Haim Nahman Bialik's "In the City of Slaughter"

Resource Kit by
Kenneth Moss

Module Content



“In the City of Slaughter,” written in 1903 in what was then the Russian Empire, is the single most influential Hebrew poem—perhaps the single most influential Jewish literary text—of the twentieth century. It is commonly understood to have had an outsized and lasting effect on how people in the once vast communities of East European Jewry, and later in the new Jewish community of Palestine and the State of Israel, understood their collective political situation and what they ought to do about it, the nature of Diaspora and the claims of Zionism, and the political and moral wages of powerlessness. American readers might compare “In the City of Slaughter” to Mark Twain’s Adventures of Huckleberry Finn or indeed Harriet Beecher Stowe’s Uncle Tom’s Cabin in the sense that their searing moral and political claims about burning political problems had an immediate and lasting impact.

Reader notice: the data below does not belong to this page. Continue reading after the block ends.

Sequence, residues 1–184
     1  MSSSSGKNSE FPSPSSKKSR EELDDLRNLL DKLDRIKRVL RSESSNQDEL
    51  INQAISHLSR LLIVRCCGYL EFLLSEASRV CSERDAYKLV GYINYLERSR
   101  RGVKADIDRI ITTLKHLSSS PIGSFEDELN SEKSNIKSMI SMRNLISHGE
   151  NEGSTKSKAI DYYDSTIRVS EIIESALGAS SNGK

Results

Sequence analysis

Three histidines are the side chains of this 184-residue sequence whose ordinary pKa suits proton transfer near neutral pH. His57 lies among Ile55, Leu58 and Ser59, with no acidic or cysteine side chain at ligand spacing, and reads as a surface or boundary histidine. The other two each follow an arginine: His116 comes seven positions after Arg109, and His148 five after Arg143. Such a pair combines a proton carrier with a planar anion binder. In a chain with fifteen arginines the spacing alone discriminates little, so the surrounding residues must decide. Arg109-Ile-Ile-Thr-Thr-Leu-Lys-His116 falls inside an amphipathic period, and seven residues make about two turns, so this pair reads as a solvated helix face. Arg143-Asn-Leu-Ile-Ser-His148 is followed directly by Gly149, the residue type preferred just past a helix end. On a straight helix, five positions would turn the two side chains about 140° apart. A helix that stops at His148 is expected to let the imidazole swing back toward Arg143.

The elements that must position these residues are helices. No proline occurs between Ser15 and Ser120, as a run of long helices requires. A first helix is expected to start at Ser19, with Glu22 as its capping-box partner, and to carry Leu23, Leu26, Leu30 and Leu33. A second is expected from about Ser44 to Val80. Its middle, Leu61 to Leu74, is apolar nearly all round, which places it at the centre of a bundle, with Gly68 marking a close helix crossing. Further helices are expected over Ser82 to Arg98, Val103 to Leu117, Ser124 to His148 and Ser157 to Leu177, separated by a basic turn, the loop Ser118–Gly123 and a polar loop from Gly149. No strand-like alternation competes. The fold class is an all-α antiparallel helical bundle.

“In the City of Slaughter” is Haim Nahman Bialik’s poem about the 1903 Kishinev pogrom, a terrible ethnic riot during which the large Jewish community of this small city in the Russian Empire was attacked over the course of three days by crowds of their Gentile neighbors. Although popular images of the life of Russia’s Jews, who numbered nearly six million at the turn of the twentieth century, sometimes treat such anti-Jewish violence as routine, in fact there had been nothing like the Kishinev pogrom before it happened. At the time, Bialik was a young and rising star in the burgeoning world of modern Hebrew literature. In the immediate aftermath of the pogrom, Bialik and his associates spent several weeks in Kishinev taking copious, careful, and sympathetic testimonies from eyewitnesses, from terribly wounded survivors of violence and rape, and from the bereaved. This poem was one of Bialik’s responses to the horrors he learned about through this work.

(Many thanks to Sadie Gold-Shapiro for their editorial work on this resource kit.)

Cover image: Abel Pann's The Day after the Pogrom: A Courtyard with Ruins and a Bereaved Family, 1903.